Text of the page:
6 Common Pregnancy Misconceptions and Mistakes

There is a lot of information available about what is safe and unsafe to do while pregnant.  The conflicting information can often cause a lot of anxiety for new mothers-to-be.  While it’s always best to follow your doctor’s advice, there are some common pregnancy misconceptions and mistakes that moms should try to avoid doing.

This guest post by JOJO from Check Pregnancy highlights some information that is important for pregnant women to focus on.
6 Common Pregnancy Misconceptions and Mistakes
*This is a guest post and all opinions are those of the author. This post may also contain affiliate and/or paid links. Rest assured that I only work with companies and individuals that I trust. While some of those companies and individuals may work in the medical field, this post is not intended to be a substitution for medical advice. Always speak to your doctor if you have concerns about your mental or physical health.

The subject of pregnancy is one that is surrounded by misconceptions and mistakes. From questions about the effects of pre-cum pregnancy, STDs, feeding and medication during pregnancy, to antenatal visits – lots of confusion exists. In addition to the top 4 questions about pre-cum pregnancy, here are some other helps to common mistakes surrounding pregnancy.

Eating For Two

The daily calorie requirement of women is between 1800 and 2000 calories, however, babies only need about 300 calories. So, taking in double the adult calorie requirement is not needed for the baby to grow and develop.

On the contrary, what the baby needs is proper nutrition. Taking in too much calories will lead to excess weight which can increase the risk of gestational diabetes, pre-eclampsia and the probability of needing a C-section.

Women who eat too much food during pregnancy are encouraged to check their diet and stick to fruits, green and raw vegetables, nuts and eggs. Be hydrated and eat balanced meals during the day.

hyperemesis gravidarum diet


Pregnant women are advised to stay away from paracetamol, antacids and acne creams. Self-medication and over-the-counter medicines can be harmful to the health of the mother and the baby. The baby may develop congenital abnormalities. Only take pills and medicine recommended by your doctor.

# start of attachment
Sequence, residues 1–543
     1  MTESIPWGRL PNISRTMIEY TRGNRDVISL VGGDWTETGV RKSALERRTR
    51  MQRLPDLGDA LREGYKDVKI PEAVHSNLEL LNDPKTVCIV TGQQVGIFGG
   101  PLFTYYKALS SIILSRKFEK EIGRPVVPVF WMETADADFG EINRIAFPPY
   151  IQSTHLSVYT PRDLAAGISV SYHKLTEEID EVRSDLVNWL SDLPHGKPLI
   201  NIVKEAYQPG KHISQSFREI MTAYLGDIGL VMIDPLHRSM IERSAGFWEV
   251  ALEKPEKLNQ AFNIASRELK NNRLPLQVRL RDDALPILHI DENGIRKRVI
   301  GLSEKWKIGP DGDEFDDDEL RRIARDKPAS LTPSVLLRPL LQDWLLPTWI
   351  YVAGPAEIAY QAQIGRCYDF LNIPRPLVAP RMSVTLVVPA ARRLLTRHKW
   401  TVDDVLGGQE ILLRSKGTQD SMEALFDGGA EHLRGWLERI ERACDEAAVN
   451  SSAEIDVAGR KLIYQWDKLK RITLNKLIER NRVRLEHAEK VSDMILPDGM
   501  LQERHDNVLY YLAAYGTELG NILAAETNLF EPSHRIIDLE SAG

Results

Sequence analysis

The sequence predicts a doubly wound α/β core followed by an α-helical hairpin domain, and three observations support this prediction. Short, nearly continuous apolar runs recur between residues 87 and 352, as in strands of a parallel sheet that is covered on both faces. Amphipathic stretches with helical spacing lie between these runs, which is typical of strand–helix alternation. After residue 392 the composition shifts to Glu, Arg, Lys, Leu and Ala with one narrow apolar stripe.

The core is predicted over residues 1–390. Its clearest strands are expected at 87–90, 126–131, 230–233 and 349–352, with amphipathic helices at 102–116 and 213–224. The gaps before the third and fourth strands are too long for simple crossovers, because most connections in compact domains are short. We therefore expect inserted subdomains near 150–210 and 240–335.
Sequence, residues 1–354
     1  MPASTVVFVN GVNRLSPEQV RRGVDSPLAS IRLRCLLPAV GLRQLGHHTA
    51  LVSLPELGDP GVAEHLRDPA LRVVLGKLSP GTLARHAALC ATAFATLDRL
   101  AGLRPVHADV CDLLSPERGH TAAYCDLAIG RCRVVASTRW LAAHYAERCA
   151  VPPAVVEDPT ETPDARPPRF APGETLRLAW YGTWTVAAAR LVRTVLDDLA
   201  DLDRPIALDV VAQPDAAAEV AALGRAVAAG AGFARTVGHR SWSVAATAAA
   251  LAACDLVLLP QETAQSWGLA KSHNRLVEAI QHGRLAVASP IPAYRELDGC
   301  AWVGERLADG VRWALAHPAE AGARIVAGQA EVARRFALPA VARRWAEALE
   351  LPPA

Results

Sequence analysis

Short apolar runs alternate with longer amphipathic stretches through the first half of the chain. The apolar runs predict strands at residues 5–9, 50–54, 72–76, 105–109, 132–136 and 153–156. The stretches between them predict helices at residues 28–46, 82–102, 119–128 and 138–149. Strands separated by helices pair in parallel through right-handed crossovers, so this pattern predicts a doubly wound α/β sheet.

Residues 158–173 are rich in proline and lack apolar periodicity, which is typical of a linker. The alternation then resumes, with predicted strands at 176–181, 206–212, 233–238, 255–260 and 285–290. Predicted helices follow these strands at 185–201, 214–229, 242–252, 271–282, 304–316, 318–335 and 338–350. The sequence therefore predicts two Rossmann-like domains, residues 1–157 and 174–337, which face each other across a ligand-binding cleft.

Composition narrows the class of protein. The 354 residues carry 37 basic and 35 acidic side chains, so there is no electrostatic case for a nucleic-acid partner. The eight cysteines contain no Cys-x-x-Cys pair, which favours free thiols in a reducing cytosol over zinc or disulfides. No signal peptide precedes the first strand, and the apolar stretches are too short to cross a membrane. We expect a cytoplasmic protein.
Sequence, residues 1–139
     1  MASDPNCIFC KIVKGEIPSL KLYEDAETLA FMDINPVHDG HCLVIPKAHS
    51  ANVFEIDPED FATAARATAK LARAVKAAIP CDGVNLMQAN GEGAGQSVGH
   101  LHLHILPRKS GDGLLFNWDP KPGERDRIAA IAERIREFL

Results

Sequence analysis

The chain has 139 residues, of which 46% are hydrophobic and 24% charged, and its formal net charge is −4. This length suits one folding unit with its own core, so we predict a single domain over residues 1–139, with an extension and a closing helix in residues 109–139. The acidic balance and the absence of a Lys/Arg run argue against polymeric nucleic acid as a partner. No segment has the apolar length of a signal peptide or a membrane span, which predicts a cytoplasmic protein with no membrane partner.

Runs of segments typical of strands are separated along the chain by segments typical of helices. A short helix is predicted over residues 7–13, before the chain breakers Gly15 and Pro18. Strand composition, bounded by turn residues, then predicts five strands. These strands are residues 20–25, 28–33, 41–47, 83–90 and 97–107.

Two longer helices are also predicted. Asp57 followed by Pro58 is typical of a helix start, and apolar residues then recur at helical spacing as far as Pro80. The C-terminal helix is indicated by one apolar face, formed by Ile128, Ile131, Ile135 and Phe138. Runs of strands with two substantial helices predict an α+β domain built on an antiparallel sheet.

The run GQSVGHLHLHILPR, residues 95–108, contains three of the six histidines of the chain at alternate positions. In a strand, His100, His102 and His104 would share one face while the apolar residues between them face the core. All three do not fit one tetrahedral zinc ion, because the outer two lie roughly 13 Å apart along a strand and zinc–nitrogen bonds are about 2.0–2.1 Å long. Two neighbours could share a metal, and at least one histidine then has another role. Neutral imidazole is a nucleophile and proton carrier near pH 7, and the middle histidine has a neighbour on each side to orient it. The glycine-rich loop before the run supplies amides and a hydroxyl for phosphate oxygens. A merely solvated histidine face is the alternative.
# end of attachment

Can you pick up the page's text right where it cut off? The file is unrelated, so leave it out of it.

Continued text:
Sacrificing sleep during pregnancy to achieve work-life balance is detrimental to the health of you and your baby. The changes that the body undergoes (physical and hormonal) usually require that the you get more sleep.

The less you sleep, the more fatigued you get during pregnancy. Losing sleep also has a cumulative effect on the ability of the body to handle the strain of labor and delivery. Additionally, exercise helps prepare the body for the labor and delivery process.

Endeavor to get enough sleep, while also avoiding oversleeping. The effect of oversleeping is that it makes the body desire more sleep, which can cause problems post-delivery when the baby’s sleep cycle is erratic.

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Waiting to Talk to Baby

Experts recommend that mothers bond with their babies by talking to the baby-bump. Do no wait for the baby to kick till you place your hands on your belly and speak to it while gently caressing it. The activity stimulates the baby’s senses.  As soon as you find out that you are expecting, subscribe for monthly Bump Boxes to make your pregnancy go smoothly.

Indulging in Comfort foods

Avoiding sweet intake and sugary treats reduces your chance of gestational diabetes and other related problems. Sugary foods can increase anxiety levels and affect the well-being of the baby. Those extra bars of chocolate and spicy fried foods are harmful. Stay away from them.

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Failing to Exercise

One of the major pregnancy misconceptions is that expectant mothers shouldn’t exercise. There will always be a million reasons not to exercise, especially when you are pregnant. After all, it’s nice to just sit back and relax. Some would say that activities such as taking the stairs, daily commute, doing household chores already constitute enough exercises.

However, engaging in more deliberate exercise (especially when they are routine) helps boost circulation, combat stress, help in fetal growth, and prepare the body for labor and pregnancy.

It is recommended that you start exercising in the early days of pregnancy and discuss your exercise plan with your doctor so that they can recommend how best to go about it. Avoid drastic exercise routines or new challenges during pregnancy as they could be counterproductive.

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JOJO Yang is a writer from Check Pregnancy, her passion is providing helpful information for mommy and baby’s health. More than just focus on basic knowledge about health, this website also focuses on how to establish a good parent-child relationship. You can also find some fun reviews and topics, just visit Check Pregnancy to see more.  You can check the new posts on Facebook: @Checkpregnancy.com